The mechanical and physical process of knocking the church building down, can be recorded by such photographs. The photographs showing how each stage of the demolition work reduces the church to a mound of brick rubble and the physical existence of the church removed from the eye. But the memory of the church and the memories of times spent within will take much longer to be removed, if ever they will, from the minds, hearts and souls of former parishioners.
It struck the Scottie Press that in photographing the demolition of the church it would provide chances for those who were parishioners of St Alphonsus, (and for those who have attended various forms of church services at St Alphonsus), to spend some time looking at the photographs and recall how 'acts of bad conduct or misbehaviour within the church fell into the category of sacrilege'.
Such recollections may bring a tear to the eye. For to see the church gutted of its altar, its benches, its statues, its stations of the cross etc and then to be as unfeelingly knocked down as would be an old warehouse surely puts a hollow feeling into the heart and soul. It may also stimulate an opinion that the physical act of demolition of the church is in its-self an act of sacrilege. An opinion and feeling born from the traditions and values that the church installed within the hearts, minds and souls of generations of its parishioners who thought such traditions and values would be protected for eternity.
There comes a time in people's lives when reflections on the past puts into perspective the way things have turned out. Would it be possible to suggest that for former parishioners of St Alphonus Church, who are aged over the age of 50, that they may see the demolition of the church and its removal from the parish area as a vision impossible to believe when they quickly recall to mind the efforts made by themselves and other generations of parishioners to ensure the future of the church. The special 'after mass' church collections, the church fund-raise nights at the parish club etc. What are the thoughts of former parishioners, who were christened, confirmed, and married in St Alphonsus Church. What are the thoughts of former parishioners who were members of the churches various guilds and societies and sporting clubs'.
Holy Cross Church closed on Sunday 16th September - after the morning Mass the church was taken out of sacred use. So ending an era of 152 years. Photographed, right, is the 'Last Mass' attended by many former parishioners' and residents of the Holy Cross area.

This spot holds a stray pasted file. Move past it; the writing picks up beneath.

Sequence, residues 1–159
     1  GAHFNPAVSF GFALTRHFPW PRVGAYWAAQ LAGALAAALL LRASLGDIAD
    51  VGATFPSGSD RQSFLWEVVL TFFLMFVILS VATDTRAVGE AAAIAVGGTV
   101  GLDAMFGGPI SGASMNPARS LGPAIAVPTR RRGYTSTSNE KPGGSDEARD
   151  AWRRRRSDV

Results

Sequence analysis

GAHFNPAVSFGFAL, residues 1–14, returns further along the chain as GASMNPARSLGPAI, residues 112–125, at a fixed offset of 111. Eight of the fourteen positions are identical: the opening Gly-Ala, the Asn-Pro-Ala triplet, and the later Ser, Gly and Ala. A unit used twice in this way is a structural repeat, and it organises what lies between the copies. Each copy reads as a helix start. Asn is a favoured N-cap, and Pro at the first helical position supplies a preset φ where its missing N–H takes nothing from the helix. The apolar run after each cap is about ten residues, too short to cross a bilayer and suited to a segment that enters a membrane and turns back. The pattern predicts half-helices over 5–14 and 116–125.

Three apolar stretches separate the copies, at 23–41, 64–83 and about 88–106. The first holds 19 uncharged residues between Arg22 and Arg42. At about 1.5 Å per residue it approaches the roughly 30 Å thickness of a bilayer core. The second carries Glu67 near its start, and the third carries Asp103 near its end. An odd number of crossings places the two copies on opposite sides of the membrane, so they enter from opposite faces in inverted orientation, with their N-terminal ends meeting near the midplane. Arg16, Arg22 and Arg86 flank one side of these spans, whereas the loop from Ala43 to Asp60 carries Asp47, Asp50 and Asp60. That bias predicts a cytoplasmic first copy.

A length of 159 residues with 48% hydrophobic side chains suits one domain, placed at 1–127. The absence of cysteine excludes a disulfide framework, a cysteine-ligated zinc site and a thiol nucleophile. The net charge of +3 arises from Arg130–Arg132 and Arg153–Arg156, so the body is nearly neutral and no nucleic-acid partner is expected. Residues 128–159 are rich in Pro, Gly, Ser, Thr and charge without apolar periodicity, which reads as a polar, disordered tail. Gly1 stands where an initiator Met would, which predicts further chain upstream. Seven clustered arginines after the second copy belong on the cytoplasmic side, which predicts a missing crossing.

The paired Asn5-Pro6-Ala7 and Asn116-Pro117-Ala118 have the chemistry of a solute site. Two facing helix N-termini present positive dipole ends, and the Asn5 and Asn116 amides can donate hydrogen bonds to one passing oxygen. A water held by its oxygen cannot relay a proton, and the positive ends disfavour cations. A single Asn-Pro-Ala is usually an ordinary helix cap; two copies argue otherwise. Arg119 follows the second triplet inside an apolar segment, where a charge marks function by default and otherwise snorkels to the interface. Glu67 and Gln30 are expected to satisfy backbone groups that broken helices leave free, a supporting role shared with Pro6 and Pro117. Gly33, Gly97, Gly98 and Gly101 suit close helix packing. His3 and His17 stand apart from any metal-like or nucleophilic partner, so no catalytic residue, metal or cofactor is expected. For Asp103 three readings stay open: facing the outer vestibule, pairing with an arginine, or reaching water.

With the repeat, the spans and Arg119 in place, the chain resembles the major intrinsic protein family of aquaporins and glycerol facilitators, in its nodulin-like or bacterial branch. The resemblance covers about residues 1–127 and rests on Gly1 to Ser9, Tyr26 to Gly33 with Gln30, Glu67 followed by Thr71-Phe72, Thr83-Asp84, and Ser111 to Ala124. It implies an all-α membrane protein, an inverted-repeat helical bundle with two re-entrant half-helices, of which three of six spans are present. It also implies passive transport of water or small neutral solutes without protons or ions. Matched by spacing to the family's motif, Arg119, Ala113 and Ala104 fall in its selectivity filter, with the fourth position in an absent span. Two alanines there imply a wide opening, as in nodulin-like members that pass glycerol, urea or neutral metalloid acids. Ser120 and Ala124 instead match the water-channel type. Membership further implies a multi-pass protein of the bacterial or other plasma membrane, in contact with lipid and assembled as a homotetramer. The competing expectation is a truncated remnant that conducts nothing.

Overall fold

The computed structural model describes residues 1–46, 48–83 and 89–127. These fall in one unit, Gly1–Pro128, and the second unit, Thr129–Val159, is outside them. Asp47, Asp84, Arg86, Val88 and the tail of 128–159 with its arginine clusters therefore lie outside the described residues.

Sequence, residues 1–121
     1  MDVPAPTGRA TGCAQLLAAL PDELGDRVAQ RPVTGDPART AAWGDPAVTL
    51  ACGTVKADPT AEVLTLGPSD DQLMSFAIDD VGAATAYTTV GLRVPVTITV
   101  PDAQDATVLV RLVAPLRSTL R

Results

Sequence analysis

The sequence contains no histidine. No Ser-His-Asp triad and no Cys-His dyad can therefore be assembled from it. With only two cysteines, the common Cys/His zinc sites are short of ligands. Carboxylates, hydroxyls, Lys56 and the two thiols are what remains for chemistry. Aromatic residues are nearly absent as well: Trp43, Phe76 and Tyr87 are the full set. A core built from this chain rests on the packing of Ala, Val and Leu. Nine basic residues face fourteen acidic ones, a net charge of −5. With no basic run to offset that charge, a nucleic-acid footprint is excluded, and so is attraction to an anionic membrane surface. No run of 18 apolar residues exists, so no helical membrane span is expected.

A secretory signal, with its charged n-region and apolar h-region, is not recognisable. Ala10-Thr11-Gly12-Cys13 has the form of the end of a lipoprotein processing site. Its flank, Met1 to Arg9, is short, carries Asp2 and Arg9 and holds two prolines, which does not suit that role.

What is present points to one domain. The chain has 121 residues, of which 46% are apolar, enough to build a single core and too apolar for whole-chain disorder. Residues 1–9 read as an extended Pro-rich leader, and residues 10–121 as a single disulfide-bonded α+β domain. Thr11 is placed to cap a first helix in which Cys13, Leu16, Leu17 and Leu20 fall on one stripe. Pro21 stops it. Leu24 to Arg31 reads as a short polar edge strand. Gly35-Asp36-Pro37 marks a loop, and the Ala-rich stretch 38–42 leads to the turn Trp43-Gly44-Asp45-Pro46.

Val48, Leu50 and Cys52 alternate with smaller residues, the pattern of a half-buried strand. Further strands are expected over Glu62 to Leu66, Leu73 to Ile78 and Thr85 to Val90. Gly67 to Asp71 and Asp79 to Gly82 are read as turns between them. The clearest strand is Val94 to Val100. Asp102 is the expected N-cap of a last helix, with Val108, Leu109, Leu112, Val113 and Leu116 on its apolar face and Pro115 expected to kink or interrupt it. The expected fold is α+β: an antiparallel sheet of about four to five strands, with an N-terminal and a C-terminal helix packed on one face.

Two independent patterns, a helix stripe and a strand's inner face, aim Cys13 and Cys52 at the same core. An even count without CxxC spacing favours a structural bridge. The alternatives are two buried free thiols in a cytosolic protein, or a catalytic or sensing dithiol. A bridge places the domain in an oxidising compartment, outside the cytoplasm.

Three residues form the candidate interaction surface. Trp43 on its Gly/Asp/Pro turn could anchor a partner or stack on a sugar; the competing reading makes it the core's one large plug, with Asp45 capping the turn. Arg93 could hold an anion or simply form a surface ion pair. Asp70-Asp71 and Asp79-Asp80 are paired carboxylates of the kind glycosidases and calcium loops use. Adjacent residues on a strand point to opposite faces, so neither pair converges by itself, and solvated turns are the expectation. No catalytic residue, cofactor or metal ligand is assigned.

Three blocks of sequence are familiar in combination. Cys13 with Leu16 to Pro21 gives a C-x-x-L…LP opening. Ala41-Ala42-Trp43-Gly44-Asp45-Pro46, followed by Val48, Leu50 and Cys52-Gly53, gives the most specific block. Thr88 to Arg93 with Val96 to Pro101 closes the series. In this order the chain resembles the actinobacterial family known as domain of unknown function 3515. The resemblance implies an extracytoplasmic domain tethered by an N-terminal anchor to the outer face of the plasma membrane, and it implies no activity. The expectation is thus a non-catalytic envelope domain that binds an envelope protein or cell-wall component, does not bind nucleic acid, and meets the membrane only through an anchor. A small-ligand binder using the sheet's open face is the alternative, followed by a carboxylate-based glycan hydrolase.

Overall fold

In 1849 the parish was founded because of the very large influx of catholic people who arrived in the area as a result of the Great Famine in 1847. The new Parish of Holy Cross was entrusted to the missionary congregation known as the Missionary Oblates of Mary Immaculate, in 1850.
In 1860 a beautiful new Church, designed by architect, Edward Welby Pugin was opened. Unfortunately, incendiary bombing in 1941 destroyed the church. A new church was built in 1954 and opened by the then Archbishop of Liverpool, Dr Godfrey.
In the 1980's due to demolition of the tenements and the construction of the new arterial roads within the parish confines, many hundreds of people were compelled to move away from their neighbourhood to live in the suburbs.
In 1998, Archbishop Patrick Kelly set up a working party to assist in formulating a 'Report Towards Pastoral Regeneration'. As a direct result of this report, seven churches will be taken out of sacred use by the end of December 2001.
Already closed (and now demolished) is St Alphonsus and due to close are St Mary of the Angels (Friary) and St Jospehs.
On December 8th three local churches, St Joseph's, St Mary of the Angels (Friary) and Saint Francis Xavier (SFX) will come together to form a NEW PARISH based on SFX Church.
On Saturday 29th September an invitation was extended to parishioners from the three churches to an assembly to plan the new parish. An opportunity was taken at this assembly to mount a series of exhibition stands to show the rich history of the churches to allow for reminiscence about the parish to be an important part of plans for the future.
The assembly took place in St Mary's of the Angels and the Altar was specially decorated for the occasion.
The Scottie Press welcomes comments on the website from current or former parishioners affected by the changes planned - together with any favoured memories that parishioners past and present may have.
If you would like to voice your thoughts, opinions and feelings on this webpage please email firstname.lastname@example.org